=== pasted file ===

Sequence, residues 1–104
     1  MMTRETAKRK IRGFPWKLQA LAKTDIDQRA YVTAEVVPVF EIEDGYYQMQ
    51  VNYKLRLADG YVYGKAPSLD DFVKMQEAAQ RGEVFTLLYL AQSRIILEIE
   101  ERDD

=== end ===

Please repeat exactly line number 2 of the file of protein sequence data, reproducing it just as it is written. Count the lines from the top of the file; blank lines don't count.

     1  MMTRETAKRK IRGFPWKLQA LAKTDIDQRA YVTAEVVPVF EIEDGYYQMQ